My nearly 4-year-old daughter says “I love you” with ease. Just as easily as she says “I don’t love you”. Even easier than she says “I like you”, which is, wisely enough, rare and preceded by some thought. She doesn’t only say it to her family. When she sees people she likes — grown ups, her friends, other kids — she greets them with a hug, even if she has seen them just a few hours ago. That’s my little one’s way of showing her pleasure at seeing someone she likes. My son, watching her, does the same. It fills my continuously-watching soul with equal amounts of joy and sharp, heavy pain to see this. Why pain? Because more often than not, what they get in return is an alarmed stare. I can understand that reaction from kids her age because they probably aren’t used to non-family hugging them. What I don’t understand is the alarmed look that adults get on their faces when my kids do that. Subtly picking up on these reactions, then, are my kids who have, little by little, learnt the ordinary ways of the world they inhabit. They hug less and less upon seeing people they like. It makes me a bit sad, sad enough to want to learn pottery while maudlin songs play in the blue background.
If I thought that was bad, then what was to come last week was worse. When the kids go out to play, I hang around watching their interactions. The playground is indeed the best place to get a glimpse of who your kids are going to be when they grow up. It is also a place to reexamine your filters, clean out the cupboard of your prejudices and open up your world to the lacy fan of possibility. On one such evening, as I watched them, I saw a bunch of kids ranging from 4.5 years to nearly 13 snicker, look goofily uncomfortable and exchange looks with each other when my little girl said “I love you, don’t go” to one of the kids. I could tell she had said this before and the kids weren’t taking to it easily. I let it pass although I wanted to jump right in and tell her it’s okay to continue saying what she was saying.
Two days ago, she came back home and said that one of the boys told her she shouldn’t be saying “I love you” to her friends. Apparently, it’s not the done thing. I am so glad she brought it up because I told her she can say that to whoever she wants as long as she feels it. I am not sure she’ll take my word over a 12 year old’s. We’ll just have to wait and watch.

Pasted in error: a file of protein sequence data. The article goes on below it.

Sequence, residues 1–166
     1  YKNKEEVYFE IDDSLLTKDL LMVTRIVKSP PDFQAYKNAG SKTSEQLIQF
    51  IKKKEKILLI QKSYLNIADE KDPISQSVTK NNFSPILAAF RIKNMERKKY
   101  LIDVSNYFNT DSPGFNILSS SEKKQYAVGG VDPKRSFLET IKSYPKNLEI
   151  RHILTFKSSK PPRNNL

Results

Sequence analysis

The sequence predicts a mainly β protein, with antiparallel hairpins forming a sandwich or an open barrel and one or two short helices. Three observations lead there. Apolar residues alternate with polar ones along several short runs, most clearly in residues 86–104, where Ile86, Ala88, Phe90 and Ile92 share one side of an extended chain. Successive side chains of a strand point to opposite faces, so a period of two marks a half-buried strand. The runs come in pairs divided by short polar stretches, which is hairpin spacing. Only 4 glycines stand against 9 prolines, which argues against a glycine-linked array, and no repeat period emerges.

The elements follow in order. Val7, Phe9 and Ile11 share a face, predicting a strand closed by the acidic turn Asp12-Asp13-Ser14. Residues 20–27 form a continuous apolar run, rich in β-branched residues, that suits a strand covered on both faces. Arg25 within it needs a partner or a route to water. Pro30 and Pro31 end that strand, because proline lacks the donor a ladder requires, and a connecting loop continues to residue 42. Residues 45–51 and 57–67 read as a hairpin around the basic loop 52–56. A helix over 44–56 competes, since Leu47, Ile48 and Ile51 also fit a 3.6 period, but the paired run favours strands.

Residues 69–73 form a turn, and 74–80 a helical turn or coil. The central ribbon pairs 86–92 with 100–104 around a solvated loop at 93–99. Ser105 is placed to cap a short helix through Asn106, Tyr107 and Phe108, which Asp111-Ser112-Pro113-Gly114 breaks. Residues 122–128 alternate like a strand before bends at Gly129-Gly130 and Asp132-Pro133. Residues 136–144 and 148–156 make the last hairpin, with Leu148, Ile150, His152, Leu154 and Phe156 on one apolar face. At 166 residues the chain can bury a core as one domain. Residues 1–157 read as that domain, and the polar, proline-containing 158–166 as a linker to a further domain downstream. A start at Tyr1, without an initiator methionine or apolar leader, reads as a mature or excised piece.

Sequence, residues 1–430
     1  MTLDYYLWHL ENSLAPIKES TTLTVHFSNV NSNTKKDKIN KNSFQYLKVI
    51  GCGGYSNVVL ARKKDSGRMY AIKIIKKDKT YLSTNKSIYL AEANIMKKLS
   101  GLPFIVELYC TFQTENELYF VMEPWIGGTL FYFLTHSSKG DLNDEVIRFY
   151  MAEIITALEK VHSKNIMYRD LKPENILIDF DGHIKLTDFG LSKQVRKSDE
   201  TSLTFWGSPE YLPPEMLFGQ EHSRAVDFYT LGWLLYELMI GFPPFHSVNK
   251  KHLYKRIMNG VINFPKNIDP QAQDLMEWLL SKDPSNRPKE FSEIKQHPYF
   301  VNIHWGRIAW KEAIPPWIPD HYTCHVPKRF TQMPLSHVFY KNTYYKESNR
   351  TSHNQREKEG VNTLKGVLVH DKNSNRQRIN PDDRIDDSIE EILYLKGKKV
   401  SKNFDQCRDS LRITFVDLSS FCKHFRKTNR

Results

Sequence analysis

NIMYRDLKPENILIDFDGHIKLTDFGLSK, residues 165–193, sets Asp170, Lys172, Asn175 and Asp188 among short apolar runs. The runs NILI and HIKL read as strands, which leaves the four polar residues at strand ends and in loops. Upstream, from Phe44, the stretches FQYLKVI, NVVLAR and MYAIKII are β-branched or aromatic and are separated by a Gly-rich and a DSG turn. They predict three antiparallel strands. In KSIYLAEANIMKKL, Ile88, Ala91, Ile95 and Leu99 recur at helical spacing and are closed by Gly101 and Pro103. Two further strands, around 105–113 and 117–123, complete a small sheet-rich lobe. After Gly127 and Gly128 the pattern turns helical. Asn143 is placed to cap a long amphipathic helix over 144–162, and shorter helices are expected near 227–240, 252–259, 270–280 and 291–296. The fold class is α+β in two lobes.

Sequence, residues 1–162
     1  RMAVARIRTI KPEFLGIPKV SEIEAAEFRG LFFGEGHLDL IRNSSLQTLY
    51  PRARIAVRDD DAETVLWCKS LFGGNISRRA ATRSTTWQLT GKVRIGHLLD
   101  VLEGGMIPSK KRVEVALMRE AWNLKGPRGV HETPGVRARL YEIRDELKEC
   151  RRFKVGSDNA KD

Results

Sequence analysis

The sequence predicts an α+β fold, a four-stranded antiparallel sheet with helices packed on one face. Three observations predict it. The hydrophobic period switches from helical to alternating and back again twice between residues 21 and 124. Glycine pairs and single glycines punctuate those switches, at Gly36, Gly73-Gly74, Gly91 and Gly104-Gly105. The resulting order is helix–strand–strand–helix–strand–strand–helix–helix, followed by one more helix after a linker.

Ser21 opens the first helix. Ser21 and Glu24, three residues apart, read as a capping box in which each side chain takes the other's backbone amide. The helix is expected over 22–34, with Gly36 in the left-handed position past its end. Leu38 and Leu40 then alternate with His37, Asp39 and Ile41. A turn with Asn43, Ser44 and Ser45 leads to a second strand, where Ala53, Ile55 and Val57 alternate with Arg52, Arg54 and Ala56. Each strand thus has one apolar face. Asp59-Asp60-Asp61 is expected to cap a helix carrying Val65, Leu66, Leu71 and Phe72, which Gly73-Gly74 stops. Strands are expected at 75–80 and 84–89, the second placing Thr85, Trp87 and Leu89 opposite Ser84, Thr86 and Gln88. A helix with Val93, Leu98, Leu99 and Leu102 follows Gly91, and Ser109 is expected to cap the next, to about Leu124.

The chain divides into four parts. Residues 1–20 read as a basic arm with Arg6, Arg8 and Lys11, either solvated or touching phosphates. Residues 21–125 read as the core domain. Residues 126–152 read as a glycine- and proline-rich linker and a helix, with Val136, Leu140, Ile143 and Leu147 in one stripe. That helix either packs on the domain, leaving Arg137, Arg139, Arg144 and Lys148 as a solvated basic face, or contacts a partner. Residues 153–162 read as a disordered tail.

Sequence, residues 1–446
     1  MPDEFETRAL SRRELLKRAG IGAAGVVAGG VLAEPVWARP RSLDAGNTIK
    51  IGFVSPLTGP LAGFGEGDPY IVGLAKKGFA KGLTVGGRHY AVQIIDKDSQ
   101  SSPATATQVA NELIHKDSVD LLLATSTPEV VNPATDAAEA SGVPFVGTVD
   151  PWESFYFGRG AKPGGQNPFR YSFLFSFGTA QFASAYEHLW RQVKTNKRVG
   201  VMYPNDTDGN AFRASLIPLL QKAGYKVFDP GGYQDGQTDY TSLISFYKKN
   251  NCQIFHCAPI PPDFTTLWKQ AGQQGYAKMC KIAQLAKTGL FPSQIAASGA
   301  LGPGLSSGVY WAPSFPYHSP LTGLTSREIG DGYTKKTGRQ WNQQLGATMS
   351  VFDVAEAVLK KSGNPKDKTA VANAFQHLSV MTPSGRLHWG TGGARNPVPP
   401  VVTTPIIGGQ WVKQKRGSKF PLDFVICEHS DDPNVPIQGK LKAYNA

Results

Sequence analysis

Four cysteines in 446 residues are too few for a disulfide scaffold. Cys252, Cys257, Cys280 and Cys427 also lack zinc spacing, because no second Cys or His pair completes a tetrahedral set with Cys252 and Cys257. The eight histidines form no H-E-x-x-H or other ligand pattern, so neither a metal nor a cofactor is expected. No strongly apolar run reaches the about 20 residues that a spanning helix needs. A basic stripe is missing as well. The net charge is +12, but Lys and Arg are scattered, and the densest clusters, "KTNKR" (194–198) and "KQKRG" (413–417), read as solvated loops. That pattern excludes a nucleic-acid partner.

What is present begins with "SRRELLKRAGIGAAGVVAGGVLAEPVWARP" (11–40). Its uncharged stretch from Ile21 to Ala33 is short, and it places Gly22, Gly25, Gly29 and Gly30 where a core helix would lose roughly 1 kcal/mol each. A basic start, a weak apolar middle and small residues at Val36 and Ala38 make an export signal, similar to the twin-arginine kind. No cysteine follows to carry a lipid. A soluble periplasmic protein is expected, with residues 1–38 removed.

But that’s where it lies — this fear of love, this pigeon-holing of it. So early we suspect this thing we called love of being something we can’t handle, something that only grownups in a certain situation can. I don’t know what we do in our households that makes these kids fear love, be wary of it so much so that when it is expressed by someone who is far younger, but importantly, of the other gender, we are uncomfortable in its presence.
For me, if I can’t express love, I feel like how I imagine a whirlpool would feel, if it were stuck in a glass jar. Rippling, sinewy regular circles of emotion with a rooted core but nowhere to go. Can you imagine the futility of it? To swirl with such passion only to have it die down till the next person took you up and swirled you around. Not being able to express myself is a suffocation like that, a repression of my very basic need to reach out of my self and obliterate any or all the walls we built in an attempt to guard ourselves from what we like to call hurt, but is actually an act of locking love out in the cold.
We like to leave love out in the cold, we do. Because if we didn’t do that, we’d be at the mercy of its potential to make things easy, and we as people, as human beings like things just a tad complex; it is what keeps us going, a love for complexity. With love everything is easy — you erase yourself to replace your consciousness and your very self with love. Forgiveness comes easy — forgiveness of yourself, as well as forgiveness of another. You brush off yesterday’s mud, bandage last weeks wounds, rub a bit of balm in your last night’s headache and the when then sun rises, you complain about the heat just a little bit but you continue basking in light that love brings to your life. Call me stupid, but for me love isn’t much more than being able to get on with life and continue cherishing the person you love. Is it forgiveness? It is also forgiveness. Is it tolerance? It is also tolerance. Is it passion, loyalty and the ability to entirely put aside that which makes no difference if it makes another happy? It is all that. But it is also standing strong and saying, no matter what you do, I will be here for you. And as far as I am concerned, specifically, it is also saying this is not for now, for a couple of days, or for a whole year. It is not for when you are at your best behavior, it is not when you toe my line. It is for as long as I am capable of memory and compassion; it is for those times when you are your worst, too. My daughter perhaps put it best when she said without hesitation, “Love means happiness.” It is a conundrum that one, but it’s true. If a relationship, a person, or a thing becomes a source of lasting and intense happiness, what else could it be?